Published online Sep 9, 2023. doi: 10.5492/wjccm.v12.i4.226
Peer-review started: May 11, 2023
First decision: June 15, 2023
Revised: June 24, 2023
Accepted: July 6, 2023
Article in press: July 6, 2023
Published online: September 9, 2023
Delayed deterioration in pulmonary function, following initial improvement, was seen in a subset of patients admitted to the intensive care unit (ICU) during the coronavirus disease 2019 (COVID-19) pandemic. These patients had no evidence of ongoing infection, fluid overload or cardiac dysfunction, but had elevated systemic inflammatory markers. They did not satisfy the diagnostic criteria for Multisystem Inflammatory Syndrome- Adults (MIS-A) due to the paucity of extra
Delayed worsening of respiratory function in the ICU is generally attributable to infection, cardiac dysfunction, or fluid overload. But non-infectious inflammatory complications of post COVID-19 immune dysregulation is a distinct clinical entity that may play a role in worsening organ dysfunction in patients who have no evidence of the above.
The objectives of the current study were to describe the clinical and laboratory characteristics of post COVID-19 delayed inflammatory pulmonary syndrome (DIPS), the outcomes and management caveats encountered in the management of these patients, and to contrast DIPS with other post COVID-19 immune dysregulation related inflammatory disorders.
This was a retrospective observational study of adult patients admitted to the medical ICU of a 2200-bed university affiliated teaching hospital, between May and August 2021, who fulfilled clearly defined inclusion and exclusion criteria. Outcome was assessed by a change in PaO2/FiO2 ratio and levels of inflammatory markers before and after immunomodulation, duration of mechanical ventilation after starting treatment, and survival to discharge.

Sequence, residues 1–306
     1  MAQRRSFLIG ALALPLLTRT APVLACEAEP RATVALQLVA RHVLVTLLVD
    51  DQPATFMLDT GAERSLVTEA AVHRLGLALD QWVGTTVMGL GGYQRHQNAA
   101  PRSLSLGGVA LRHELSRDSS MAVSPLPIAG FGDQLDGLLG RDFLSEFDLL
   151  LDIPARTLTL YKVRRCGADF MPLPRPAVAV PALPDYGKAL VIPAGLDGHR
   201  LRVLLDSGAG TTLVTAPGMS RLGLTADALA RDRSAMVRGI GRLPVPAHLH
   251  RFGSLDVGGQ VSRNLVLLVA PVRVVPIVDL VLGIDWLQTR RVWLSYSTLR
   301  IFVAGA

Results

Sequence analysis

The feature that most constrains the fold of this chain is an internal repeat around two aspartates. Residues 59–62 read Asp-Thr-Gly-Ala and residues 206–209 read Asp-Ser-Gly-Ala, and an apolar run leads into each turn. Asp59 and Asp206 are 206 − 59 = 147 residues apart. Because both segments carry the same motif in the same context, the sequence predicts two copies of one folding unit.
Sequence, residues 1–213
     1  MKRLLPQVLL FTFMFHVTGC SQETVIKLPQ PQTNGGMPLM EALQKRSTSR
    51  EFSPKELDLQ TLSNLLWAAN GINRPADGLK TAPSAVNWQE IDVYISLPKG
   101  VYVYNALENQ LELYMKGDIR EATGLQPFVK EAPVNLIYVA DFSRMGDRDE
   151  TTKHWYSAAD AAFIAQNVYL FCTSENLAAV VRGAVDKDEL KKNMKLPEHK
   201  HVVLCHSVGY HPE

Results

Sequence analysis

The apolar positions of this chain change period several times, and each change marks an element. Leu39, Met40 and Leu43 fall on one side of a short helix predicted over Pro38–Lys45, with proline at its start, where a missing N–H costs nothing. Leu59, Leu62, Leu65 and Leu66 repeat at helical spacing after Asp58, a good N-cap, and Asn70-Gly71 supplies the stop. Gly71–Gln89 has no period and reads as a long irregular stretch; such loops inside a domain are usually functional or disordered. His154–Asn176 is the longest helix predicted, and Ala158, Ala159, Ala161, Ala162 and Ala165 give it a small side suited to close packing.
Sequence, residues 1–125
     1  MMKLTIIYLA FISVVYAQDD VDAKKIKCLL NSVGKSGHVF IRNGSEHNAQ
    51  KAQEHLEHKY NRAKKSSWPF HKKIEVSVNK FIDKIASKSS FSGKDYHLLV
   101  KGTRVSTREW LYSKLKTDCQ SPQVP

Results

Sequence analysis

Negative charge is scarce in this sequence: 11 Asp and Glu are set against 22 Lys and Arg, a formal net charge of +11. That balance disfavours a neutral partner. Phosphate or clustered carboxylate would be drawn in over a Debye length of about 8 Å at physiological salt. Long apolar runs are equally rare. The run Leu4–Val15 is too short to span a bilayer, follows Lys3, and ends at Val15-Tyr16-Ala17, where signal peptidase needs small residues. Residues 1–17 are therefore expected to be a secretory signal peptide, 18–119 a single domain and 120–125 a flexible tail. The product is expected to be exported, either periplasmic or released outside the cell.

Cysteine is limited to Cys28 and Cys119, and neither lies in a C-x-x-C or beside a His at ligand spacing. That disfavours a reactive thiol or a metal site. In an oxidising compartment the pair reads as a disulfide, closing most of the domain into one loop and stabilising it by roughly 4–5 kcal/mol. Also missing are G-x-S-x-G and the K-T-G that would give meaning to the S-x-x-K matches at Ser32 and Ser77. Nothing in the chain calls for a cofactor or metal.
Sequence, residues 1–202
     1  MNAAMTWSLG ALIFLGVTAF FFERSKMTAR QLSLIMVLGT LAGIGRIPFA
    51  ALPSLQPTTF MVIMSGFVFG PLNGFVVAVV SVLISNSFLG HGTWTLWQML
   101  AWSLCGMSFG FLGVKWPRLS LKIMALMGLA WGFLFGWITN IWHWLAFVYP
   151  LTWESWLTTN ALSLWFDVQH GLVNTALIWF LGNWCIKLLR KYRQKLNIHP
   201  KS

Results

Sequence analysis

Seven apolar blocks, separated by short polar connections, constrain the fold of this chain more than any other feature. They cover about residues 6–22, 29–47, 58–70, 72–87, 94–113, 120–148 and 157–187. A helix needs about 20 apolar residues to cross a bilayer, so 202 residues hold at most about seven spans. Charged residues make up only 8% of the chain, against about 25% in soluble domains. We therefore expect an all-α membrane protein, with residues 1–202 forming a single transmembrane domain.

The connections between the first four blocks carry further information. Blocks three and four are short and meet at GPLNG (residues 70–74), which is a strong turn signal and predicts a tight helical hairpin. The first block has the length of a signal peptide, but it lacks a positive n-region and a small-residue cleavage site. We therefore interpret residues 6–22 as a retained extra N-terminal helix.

Five patients developed delayed respiratory deterioration in the absence of new infection, fluid overload or extra-pulmonary organ dysfunction at a median interquartile range (IQR) duration of 32 (23-35) d after the onset of symptoms. These patients had elevated inflammatory markers, required mechanical ventilation for 13 (IQR 10-23) d, and responded to glucocorticoids and/or intravenous immunoglobulin. One patient died (20%).
This delayed respiratory worsening with elevated inflammatory markers and clinical response to immunomodulation appears to contrast the well described MIS-A by the paucity of extrapulmonary organ involvement. The diagnosis can be considered in patients presenting with delayed respiratory worsening, that is not attributable to cardiac dysfunction, fluid overload or ongoing infections, and associated with an increase in systemic inflammatory markers like C-reactive protein, inteleukin-6 and ferritin. A good response to immunomodulation can be expected. This delayed inflammatory pulmonary syndrome may represent a distinct clinical entity in the spectrum of inflammatory syndromes in COVID-19 infection.
Larger prospective studies are required to validate these preliminary observations and formulate treatment guidelines for this inherently reversible entity.